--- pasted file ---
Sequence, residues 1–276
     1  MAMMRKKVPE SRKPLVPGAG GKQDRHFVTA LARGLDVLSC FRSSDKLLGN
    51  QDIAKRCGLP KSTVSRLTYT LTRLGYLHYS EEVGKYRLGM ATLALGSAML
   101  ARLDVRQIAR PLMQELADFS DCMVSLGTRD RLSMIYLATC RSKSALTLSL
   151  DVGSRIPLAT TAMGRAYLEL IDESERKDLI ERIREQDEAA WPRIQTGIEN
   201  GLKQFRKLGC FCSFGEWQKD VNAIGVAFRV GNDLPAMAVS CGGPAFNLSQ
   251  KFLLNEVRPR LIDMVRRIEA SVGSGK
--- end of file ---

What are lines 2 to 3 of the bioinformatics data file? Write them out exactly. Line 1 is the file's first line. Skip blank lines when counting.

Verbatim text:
     1  MAMMRKKVPE SRKPLVPGAG GKQDRHFVTA LARGLDVLSC FRSSDKLLGN
    51  QDIAKRCGLP KSTVSRLTYT LTRLGYLHYS EEVGKYRLGM ATLALGSAML